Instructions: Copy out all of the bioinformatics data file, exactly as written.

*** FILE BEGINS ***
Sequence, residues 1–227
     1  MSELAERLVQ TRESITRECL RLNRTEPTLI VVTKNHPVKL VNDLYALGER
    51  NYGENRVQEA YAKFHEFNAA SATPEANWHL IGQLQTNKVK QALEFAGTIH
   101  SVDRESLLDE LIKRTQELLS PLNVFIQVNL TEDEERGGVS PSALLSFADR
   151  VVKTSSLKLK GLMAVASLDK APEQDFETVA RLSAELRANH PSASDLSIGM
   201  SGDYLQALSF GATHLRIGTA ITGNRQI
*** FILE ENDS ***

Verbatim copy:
Sequence, residues 1–227
     1  MSELAERLVQ TRESITRECL RLNRTEPTLI VVTKNHPVKL VNDLYALGER
    51  NYGENRVQEA YAKFHEFNAA SATPEANWHL IGQLQTNKVK QALEFAGTIH
   101  SVDRESLLDE LIKRTQELLS PLNVFIQVNL TEDEERGGVS PSALLSFADR
   151  VVKTSSLKLK GLMAVASLDK APEQDFETVA RLSAELRANH PSASDLSIGM
   201  SGDYLQALSF GATHLRIGTA ITGNRQI